Legacy is a topic often talked about in the context of the Olympic and Paralympic Games.
Thirty six years on from the birth of wheelchair tennis in USA, it is part of the amazing legacy of Brad Parks that the sport is one of the most popular spectator sports in the Paralympic Games programme. Twenty years ago, when wheelchair tennis made its debut as a full medal sport at the 1992 Barcelona Paralympics, Brad Parks won gold in the men’s doubles, playing alongside Randy Snow. Both have now been inducted into the International Tennis Hall of Fame since 2010.
Now, at London 2012, there’s another element to Brad’s legacy, as his twin daughters, Sarah and Maiah Parks, are among the team of Games Makers at Eton Manor. Here, Sarah charts their journey to London 2012.
"I was born in 1990, so I was about two years old when dad won his Gold medal in Barcelona, so unfortunately I do not have any recollections. I wish I could remember! It wasn't until dad began receiving recognition at awards ceremonies that I then recognised how important he had been to the sport and all of the outstanding accomplishments he has achieved in his life. Also, I began to understand how life can sometimes be difficult for him and how humble and compassionate he is about wheelchair tennis and about helping others.
My twin sister Maiah and I have been lucky enough to be involved with wheelchair tennis for several years now. Through our high school to our college years, we attended the USTA Junior Wheelchair Tennis Camp that was in Mission Viejo once a week. We were able to get to know all of the players and the coaches and to get a feel for how much my dad has impacted the sport and also how much the sport has expanded over the years. I cannot tell you in enough words how much compassion and patience the coaches have. They are amazing individuals that I wish I could see more often.
We were also able to fly across to Nottingham for the 2009 World Team Cup, where we were able to really understand wheelchair tennis and befriend some of the players and coaches. To this day, we still keep in touch with them and see them couple times a year! I have also attended a USTA Conference in La Jolla and, of course, we were there when my father was inducted into the International Tennis Hall of Fame in 2010.
The weekend of the ITHF Induction was so much fun and meeting people from all over the tennis world was a once in a lifetime opportunity. My favourite part of the weekend was watching Bob Shafer speak about my father in his introduction, and then watching my father give his own account about wheelchair tennis. In his speech, he spoke about the happiness the sport has brought him and the struggles that he has encountered. I have never been more proud in my life to be his daughter.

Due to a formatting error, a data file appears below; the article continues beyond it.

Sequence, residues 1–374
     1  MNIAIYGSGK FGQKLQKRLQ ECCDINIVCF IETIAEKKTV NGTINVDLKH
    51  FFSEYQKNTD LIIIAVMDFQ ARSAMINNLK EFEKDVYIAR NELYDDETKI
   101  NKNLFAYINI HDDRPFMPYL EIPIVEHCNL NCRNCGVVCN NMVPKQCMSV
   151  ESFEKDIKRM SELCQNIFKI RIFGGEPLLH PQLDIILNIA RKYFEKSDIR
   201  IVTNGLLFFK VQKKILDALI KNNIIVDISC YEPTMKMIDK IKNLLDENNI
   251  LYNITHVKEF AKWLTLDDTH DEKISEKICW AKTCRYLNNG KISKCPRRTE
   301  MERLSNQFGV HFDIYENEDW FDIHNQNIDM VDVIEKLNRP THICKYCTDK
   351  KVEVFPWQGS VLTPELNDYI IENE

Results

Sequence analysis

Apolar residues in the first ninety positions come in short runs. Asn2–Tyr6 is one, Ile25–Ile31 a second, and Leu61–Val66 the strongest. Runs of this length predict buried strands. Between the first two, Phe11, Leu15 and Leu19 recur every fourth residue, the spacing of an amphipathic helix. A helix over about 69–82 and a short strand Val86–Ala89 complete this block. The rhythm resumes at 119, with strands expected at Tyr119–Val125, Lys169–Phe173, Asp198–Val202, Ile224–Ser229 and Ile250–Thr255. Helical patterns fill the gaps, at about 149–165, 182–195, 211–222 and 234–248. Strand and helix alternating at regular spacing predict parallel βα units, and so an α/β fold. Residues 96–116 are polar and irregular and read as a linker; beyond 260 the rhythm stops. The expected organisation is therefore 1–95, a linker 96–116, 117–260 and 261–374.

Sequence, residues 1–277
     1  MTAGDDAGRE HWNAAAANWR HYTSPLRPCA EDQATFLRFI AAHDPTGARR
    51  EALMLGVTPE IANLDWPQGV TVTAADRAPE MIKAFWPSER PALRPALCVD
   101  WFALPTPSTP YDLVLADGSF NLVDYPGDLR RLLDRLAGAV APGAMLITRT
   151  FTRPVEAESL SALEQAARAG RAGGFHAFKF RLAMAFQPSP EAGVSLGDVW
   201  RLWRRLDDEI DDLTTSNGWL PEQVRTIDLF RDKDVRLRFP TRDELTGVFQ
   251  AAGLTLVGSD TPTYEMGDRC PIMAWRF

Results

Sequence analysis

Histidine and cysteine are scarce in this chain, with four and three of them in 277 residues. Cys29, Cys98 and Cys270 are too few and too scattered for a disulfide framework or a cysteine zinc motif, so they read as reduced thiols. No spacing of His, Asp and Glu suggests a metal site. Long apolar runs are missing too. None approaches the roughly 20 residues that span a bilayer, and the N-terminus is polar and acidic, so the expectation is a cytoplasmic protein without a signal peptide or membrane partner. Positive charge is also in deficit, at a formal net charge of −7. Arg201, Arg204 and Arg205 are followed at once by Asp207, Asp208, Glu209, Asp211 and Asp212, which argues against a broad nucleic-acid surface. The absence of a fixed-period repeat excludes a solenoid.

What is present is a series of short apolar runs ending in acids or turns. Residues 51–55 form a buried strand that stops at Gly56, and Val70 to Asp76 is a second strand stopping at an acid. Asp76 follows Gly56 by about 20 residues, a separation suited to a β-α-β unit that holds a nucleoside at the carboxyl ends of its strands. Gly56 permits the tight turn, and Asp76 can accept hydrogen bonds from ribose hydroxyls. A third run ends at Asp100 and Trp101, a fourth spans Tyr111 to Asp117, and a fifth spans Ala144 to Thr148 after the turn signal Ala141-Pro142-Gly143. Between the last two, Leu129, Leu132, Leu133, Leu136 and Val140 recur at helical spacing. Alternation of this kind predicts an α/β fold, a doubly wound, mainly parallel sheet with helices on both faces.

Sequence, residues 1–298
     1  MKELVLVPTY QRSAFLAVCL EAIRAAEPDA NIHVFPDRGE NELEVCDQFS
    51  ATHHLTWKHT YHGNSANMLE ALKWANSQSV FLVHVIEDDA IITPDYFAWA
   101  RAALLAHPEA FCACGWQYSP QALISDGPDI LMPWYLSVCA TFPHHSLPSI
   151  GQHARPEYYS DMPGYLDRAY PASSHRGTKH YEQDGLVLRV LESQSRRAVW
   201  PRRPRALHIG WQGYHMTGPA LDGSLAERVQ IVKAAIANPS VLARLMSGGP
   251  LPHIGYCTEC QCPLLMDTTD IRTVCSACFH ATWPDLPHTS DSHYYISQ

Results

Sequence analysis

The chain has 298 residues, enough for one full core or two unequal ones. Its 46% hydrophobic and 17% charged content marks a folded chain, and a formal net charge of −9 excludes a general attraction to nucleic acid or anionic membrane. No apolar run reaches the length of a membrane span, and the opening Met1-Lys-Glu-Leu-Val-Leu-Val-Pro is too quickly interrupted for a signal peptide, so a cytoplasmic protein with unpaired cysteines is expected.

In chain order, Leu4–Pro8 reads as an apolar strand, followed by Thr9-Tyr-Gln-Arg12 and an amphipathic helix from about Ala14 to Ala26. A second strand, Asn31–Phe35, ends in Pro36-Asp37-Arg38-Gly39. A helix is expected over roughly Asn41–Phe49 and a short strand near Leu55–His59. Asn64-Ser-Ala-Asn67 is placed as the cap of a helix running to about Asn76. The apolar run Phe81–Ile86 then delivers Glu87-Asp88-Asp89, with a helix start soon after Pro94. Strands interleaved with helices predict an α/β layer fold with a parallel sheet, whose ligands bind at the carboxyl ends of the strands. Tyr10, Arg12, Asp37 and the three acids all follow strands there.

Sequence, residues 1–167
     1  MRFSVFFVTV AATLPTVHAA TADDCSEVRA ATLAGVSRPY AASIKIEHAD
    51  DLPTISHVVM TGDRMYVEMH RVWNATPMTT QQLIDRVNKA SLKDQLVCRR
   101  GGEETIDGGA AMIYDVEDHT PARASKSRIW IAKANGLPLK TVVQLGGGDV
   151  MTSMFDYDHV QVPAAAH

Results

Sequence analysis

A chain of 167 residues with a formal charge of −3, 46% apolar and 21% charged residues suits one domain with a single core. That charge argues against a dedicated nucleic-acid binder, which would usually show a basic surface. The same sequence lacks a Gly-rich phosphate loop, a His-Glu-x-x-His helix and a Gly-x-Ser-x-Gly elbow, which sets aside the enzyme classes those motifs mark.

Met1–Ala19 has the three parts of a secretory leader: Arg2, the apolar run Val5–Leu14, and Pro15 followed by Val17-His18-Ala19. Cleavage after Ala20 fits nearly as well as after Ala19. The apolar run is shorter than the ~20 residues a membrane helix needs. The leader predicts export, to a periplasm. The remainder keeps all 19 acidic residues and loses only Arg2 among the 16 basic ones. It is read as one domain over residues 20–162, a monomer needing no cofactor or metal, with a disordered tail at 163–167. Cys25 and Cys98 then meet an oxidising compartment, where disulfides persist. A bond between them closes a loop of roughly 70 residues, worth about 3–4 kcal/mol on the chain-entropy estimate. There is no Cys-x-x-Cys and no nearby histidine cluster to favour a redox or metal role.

I was studying abroad in the fall of 2010 in Florence, Italy. My friend and I decided to travel to London for the weekend and during that time I met up with Mark Bullock from the ITF. During lunch, Mark suggested we apply to become Games Makers. I understood that this was a once in a lifetime experience.
We applied in the spring of 2011. Two years later, after an interview and multiple pages of paperwork, we were accepted as Games Makers and, since we were graduating from college right before the Games, we decided that we could not turn it down! We were not able to make some of the training sessions due to us living in California, but we did participate in the training that was available when we arrived here in London.
Working at Wimbledon was absolutely breathless. It was incredible to be working with other volunteers from all over the world, who were all very kind. I could not believe the experience that we had and the hardworking people that we were surrounded by. Seeing top athletes walk by, literally within one inch of us, was out of this world!
During the Olympics we had people asking us about wheelchair tennis, especially the other volunteers. Many of them were curious to know how the game was played and where it was being held for the Paralympics. It’s exciting that many of the other volunteers who were working with us at Wimbledon are also now working with us at the Paralympic Games.
During the Olympics I was able to attend the Men's Water Polo and also the Gold Medal Match of the Women's soccer. It was so much fun and an experience I will never forget! The atmosphere in London is absolutely incredible. The people here are very helpful and kind! The city is breathtaking and is lit up with London 2012 paraphernalia all over the city, including the Olympic rings over the Tower Bridge (now replaced by the Paralympic Agitos symbol) and King’s Cross station, in the Tube and on street lights.
At the Paralympics I am most looking forward to seeing the hard work that all the athletes put in pay off. I love seeing how people rise above the struggle and achieve something amazing, such as participating in the Paralympic Games. The stories are incredibly inspiring and make me want to become a better person. Everyone is incredibly humble, hardworking, inspiring, compassionate and understanding."